It is something that is assumed at the "beginning" of a theory. The remainder of the theory's predictions are conclusions derived from its postulates. Postulates can be tested for correctness, but they are assumed, not derived.
Some examples of postulates:
The speed of light is constant for all observers.
Gravitational and inertial mass are the same.
Each physical theory should be endowed with an axiomatical structure.From my reading and understanding experience,the best of them all is the one of (Nonrelativistic) Quantum Mechanics.Each if its 6 axioms has more fomulations (wording and mathematical expressions) depending upon the formulation of the theory:Dirac's (a.k.a.traditional),von Neumann's,Feynman's,...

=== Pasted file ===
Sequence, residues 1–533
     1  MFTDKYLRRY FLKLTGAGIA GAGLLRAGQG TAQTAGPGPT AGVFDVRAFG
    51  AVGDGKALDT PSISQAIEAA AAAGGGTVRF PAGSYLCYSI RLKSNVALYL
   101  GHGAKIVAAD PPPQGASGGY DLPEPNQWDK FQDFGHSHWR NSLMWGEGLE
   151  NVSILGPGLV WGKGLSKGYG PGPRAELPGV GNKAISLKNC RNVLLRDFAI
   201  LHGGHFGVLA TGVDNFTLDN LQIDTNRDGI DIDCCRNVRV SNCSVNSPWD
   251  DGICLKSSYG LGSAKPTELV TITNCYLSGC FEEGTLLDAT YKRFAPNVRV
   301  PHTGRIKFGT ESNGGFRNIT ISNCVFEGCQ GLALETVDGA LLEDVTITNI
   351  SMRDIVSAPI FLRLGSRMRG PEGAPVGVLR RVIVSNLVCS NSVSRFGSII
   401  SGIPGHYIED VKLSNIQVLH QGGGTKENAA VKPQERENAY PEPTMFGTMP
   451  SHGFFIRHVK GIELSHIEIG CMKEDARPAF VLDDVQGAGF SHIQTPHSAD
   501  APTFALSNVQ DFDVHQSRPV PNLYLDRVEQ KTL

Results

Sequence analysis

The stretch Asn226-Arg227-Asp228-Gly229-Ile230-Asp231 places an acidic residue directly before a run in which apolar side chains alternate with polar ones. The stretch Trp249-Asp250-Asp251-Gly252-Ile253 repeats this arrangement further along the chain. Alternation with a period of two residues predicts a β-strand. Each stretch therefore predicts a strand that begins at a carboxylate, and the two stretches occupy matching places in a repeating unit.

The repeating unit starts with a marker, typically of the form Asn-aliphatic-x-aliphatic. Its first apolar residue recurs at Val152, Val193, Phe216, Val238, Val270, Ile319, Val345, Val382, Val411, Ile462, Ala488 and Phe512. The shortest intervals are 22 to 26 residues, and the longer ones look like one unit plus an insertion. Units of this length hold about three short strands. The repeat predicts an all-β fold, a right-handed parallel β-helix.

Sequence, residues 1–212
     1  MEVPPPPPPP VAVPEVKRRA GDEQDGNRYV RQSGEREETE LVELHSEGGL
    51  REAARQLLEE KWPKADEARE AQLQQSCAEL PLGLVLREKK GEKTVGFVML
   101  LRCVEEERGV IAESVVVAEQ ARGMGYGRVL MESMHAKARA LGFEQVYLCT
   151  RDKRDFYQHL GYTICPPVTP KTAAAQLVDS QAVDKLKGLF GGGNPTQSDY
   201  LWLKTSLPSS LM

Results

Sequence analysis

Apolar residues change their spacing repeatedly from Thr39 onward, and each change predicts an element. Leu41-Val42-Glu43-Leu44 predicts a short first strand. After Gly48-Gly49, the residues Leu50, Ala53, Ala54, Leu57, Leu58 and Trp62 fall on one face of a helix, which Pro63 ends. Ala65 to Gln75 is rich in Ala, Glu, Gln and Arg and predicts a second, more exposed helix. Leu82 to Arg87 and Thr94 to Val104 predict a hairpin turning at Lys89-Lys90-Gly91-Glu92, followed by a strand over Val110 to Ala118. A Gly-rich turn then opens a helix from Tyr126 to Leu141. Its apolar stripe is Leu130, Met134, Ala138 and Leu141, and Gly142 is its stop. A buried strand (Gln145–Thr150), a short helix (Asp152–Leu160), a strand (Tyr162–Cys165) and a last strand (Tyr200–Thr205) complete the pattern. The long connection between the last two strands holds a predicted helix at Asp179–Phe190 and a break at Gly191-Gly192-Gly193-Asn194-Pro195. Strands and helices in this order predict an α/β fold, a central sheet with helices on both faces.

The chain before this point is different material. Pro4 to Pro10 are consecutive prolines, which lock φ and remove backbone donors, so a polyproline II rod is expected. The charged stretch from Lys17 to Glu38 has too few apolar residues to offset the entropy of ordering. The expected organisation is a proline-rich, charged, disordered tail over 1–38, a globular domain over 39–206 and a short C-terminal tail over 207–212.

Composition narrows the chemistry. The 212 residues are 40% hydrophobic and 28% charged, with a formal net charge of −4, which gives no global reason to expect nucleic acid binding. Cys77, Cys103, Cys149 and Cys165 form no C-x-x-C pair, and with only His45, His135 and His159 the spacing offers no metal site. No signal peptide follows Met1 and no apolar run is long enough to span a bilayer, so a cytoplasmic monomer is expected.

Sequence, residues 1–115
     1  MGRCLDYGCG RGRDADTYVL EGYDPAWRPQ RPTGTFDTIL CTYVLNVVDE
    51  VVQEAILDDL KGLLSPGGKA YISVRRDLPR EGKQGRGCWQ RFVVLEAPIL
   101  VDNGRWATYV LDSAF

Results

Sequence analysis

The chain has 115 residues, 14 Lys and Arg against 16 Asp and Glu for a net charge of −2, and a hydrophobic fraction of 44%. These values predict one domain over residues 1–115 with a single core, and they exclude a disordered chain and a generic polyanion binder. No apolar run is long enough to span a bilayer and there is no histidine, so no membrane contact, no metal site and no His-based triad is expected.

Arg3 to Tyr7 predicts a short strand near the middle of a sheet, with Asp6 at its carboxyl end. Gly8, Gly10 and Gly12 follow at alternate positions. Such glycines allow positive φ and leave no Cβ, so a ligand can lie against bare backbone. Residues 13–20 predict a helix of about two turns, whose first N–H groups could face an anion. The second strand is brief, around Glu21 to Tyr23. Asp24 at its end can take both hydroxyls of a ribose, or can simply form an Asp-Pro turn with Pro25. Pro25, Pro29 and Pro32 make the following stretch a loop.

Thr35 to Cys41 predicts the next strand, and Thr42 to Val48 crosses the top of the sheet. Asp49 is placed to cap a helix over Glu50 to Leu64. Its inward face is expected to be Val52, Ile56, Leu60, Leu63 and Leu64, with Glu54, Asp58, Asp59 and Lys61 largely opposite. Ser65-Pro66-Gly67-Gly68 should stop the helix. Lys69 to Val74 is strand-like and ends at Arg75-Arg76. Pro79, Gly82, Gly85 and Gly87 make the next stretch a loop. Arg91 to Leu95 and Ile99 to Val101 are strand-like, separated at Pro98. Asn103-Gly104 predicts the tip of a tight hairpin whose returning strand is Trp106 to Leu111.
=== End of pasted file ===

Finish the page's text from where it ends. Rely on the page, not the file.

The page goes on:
There's one postulate (the IV-th,i.e.the time evolution postulate) which,in every formulation aforementioned,can be expressed in 3 different ways,depending upon the picture one adopts:Schrödinger,Heisenberg or interaction (a.k.a.Dirac-Tomonaga-Schwinger).And then of course you have the representationsccupation number,occupation number-energy,position,momentum.Then of course you have the original formalism of matrix mechanics and wave mechanics,but this is not really a part of the axiomatical structure,as one finds them as particular realizations of the various ways of describing the concept of "physical state".
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